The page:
Project Management

Small Budget & Big Ambition: When funds are tighter, teams must prioritize tasks and objectives

Hayley Grgurich

Is a global recession looming?

Economists and C-suite executives can’t come to a consensus. It’s unanimous, though, that optimism has waned and executives are tempering their expectations: CEO confidence in one- and three-year revenue growth at their organizations has either plateaued or fallen in all 90 regions in which PwC conducted its 2019 annual CEO survey.

For companies that want to remain competitive, that flatlined confidence need not send portfolios grinding to a halt—but it may well impact project managers and the budgets behind the initiatives they manage.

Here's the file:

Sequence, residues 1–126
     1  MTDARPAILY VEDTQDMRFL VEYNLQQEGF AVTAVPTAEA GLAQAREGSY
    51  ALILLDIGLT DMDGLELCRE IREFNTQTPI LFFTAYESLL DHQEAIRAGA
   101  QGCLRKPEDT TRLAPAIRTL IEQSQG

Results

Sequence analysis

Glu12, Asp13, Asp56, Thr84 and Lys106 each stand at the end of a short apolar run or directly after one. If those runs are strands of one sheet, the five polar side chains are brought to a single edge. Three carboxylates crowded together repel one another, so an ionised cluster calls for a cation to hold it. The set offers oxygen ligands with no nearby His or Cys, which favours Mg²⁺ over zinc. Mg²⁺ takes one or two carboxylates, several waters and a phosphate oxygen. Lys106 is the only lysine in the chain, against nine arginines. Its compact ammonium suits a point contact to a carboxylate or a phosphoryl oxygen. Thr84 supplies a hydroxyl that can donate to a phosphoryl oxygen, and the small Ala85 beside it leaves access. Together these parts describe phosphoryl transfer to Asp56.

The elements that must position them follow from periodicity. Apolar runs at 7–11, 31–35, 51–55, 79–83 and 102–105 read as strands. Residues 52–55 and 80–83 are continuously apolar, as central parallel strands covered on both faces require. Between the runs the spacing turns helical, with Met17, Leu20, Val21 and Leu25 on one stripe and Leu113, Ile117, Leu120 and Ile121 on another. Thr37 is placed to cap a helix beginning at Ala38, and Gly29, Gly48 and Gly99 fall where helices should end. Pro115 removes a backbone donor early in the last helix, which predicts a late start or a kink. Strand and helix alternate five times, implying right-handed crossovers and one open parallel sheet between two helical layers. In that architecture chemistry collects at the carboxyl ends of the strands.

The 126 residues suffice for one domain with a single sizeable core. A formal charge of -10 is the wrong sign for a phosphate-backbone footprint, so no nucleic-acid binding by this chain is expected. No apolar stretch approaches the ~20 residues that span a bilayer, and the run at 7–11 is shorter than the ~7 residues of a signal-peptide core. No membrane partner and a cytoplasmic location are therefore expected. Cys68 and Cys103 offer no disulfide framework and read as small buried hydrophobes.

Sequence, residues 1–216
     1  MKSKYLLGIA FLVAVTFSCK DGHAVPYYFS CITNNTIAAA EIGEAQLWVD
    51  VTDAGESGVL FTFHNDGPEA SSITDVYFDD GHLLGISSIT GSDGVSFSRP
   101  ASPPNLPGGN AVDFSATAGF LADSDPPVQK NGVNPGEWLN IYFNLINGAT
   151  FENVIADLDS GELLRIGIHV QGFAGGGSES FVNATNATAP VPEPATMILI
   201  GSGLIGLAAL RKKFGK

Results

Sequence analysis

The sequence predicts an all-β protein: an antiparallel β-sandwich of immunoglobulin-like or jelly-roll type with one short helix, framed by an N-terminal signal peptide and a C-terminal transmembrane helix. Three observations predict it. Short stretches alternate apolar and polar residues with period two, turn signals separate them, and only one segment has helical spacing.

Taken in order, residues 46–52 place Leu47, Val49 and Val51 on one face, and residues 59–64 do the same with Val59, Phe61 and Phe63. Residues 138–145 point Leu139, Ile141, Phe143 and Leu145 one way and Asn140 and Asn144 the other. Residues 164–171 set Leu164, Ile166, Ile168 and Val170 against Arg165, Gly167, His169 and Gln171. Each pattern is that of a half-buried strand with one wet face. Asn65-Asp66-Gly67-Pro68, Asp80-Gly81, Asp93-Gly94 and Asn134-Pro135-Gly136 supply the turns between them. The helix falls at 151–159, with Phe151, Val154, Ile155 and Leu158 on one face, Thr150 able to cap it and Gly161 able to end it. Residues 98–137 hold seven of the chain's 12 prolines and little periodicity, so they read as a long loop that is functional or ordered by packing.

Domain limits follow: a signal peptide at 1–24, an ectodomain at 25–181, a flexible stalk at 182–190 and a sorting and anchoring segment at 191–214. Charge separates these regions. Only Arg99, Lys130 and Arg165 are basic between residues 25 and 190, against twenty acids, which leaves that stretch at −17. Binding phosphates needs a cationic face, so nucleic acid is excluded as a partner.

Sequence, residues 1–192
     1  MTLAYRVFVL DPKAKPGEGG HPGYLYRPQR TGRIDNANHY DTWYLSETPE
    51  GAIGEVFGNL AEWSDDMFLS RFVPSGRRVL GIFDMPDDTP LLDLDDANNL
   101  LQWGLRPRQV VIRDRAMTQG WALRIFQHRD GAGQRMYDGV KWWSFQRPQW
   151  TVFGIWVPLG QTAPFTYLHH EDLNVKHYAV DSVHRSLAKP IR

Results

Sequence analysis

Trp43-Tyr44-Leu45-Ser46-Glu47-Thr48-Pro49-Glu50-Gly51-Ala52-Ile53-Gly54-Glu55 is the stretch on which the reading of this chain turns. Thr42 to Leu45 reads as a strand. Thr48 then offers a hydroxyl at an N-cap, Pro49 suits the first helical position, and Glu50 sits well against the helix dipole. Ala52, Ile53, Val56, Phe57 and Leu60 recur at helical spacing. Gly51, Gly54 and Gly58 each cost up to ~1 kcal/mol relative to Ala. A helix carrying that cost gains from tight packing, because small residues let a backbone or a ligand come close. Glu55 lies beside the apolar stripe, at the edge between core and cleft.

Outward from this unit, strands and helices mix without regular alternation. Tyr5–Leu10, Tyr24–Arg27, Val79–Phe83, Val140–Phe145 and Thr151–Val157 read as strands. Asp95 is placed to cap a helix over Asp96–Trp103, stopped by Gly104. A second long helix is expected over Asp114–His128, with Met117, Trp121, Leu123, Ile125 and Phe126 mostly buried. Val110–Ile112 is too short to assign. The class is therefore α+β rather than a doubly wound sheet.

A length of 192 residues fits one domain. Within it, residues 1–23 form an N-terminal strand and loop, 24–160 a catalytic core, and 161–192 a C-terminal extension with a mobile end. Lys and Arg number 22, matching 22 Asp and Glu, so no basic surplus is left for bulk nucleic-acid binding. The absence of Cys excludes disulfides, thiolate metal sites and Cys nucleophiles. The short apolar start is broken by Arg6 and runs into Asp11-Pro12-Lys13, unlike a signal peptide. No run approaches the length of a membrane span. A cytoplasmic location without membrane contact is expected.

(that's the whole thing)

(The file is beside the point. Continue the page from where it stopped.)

A 2018 Bain & Co. analysis found that companies that reacted more offensively across their portfolios—launching new R&D projects, greenlighting change initiatives, expanding into new arenas—emerged far stronger from a recession than those that shelved all but essential operations and waited for the recession to pass. And a 2017 study from the U.S. National Bureau of Economic Research shows that a recession can actually accelerate technological change at organizations. That might be, in part, because project leaders are taking advantage of lower opportunity costs during economic dips to greenlight IT initiatives.

Retail giant Target is a case in point: During the 2000 recession and its lingering fallout, the company completed projects to build nearly 250 new stores, …


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